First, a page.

How can you make blood clot faster?

Anticoagulant: how does it work? What if it doesn't work properly or too much?

The body's ability to clot blood has a great advantage for humans: How else would we survive an injury?

Injuries close with the coagulation process, so that people are protected from excessive blood loss.

The ability of the blood to clot, however, can also be too strong or too weak, which can lead to serious consequences: If the blood clotting is too strong, there is a risk of blood clots (thrombi) forming. If it is too weak, spontaneous bleeding can occur.

In the following you can read how blood coagulation works, which factors play a role in physical blood clotting, how healthy blood clotting works to prevent excessive blood loss and what can lead to blood clotting disorders.

How does physical blood clotting work?

The healthy coagulation process creates the balancing act between the risk of bleeding and the risk of blood clots forming.

Decreased blood coagulation ("too thin blood") can lead to spontaneous, sometimes life-threatening, internal or external bleeding (e.g. stomach or nosebleeds) or the necessary coagulation process in the case of injuries takes too long; as a result, people lose too much blood.

Conversely, the blood must not clot just like that or in the wrong place: If the blood clots too quickly or excessively, a blood clot can form in the blood vessels (artery or vein), which can lead to life-threatening situations (thrombosis, embolism). This is where the medicinal "blood thinning" (medical anticoagulation) becomes important.

Blood clotting, hemostasis

The healthy body has its own, good protective mechanism to avoid major blood loss in the event of injury. The coagulation system is activated within a short time: a blood clot forms, which seals the injured vessel so that the bleeding is stopped.

In blood clotting, the blood platelets (thrombocytes) and the coagulation factors play the most important role. There are a total of 13 coagulation factors (Factors I to XIII). During blood coagulation, the individual factors are activated in a kind of chain reaction (the so-called coagulation cascade).

Normal hemostasis process

Bleeding is stopped in three steps:

  • Narrowing of the blood vessels: This knee-jerk "contraction" of the injured blood vessel slows the blood flow around the injury
  • Adhesion of the blood platelets to the wound surface and connection of the blood platelets to one another. This leads to an agglomeration of the blood platelets and a hemostatic plug is formed.
  • Blood coagulation: activation of the coagulation factors. A firm network of fibers forms in which the blood platelets and red blood cells are embedded. This structure is called a thrombus (blood clot). Its task: to seal the injured vascular site.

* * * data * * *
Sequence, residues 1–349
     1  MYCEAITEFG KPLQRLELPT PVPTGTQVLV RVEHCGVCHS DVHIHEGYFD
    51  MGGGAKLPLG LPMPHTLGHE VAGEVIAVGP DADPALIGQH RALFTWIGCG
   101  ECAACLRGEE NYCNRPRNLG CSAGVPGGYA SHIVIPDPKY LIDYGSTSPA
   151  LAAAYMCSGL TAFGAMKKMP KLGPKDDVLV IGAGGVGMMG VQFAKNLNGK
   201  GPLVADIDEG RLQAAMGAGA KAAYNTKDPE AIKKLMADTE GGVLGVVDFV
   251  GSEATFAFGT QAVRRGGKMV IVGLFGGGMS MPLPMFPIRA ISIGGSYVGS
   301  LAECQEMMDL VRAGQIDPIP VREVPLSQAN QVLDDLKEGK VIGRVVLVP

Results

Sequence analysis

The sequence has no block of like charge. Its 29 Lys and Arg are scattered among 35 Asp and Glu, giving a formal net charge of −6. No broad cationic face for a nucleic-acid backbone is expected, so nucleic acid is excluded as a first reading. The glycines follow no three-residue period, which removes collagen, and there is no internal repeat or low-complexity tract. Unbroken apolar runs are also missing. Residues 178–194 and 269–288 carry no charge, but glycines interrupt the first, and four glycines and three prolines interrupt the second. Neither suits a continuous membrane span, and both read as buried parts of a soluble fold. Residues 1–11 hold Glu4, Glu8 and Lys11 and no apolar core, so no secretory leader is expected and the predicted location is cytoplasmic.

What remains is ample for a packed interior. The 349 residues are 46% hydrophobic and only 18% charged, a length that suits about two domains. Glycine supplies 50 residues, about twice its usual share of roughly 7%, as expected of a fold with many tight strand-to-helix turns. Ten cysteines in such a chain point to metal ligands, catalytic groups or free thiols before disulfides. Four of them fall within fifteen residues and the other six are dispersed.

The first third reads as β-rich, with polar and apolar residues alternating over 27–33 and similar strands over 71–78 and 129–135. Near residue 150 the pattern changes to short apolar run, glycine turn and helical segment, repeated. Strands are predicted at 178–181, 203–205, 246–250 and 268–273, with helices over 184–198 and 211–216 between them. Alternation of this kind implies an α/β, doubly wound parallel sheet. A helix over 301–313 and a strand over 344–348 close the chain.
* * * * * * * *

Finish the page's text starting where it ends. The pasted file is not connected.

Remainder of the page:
This shows that hemostasis and blood clotting are not the same thing. But: Blood clotting (also known as coagulation) is an important hemostasis mechanism. If necessary, blood coagulation can be influenced very well with medicinal anticoagulants (= anticoagulation).

When the blood is not clotting properly

One can imagine that disturbances can occur in such a complex process. A distinction is made between congenital and acquired blood coagulation disorders.

The most common is acquired blood clotting, which increases the risk of thrombosis. If the blood clots too much, blood clots form in the blood vessels. These blood clots (thrombi) not only threaten to clog arteries or veins at the point of origin. Blood clots can also detach themselves from the vessel wall and reach other organs with the blood flow. Consequence: partial or complete occlusion of the affected blood vessel.

On the one hand, thrombosis can occur with certain diseases: These include cardiovascular diseases such as atrial fibrillation or arteriosclerosis.

On the other hand, the risk of chest damage is increased by certain circumstances: for example, during orthopedic operations (especially knee and hip operations, if the patient is immobilized for too long (travel thrombosis, cast, bed-ridden) or through hormonal changes (for the detailed risk of thrombosis, see the Risk situations section).

Since the coagulation factors are formed in the liver, functional disorders of the liver (e.g. due to alcohol abuse) can of course cause blood clotting disorders. Congenital blood clotting disorders are less common. These include hemophilia or thrombophilia. In both diseases, the blood is too "thinned".

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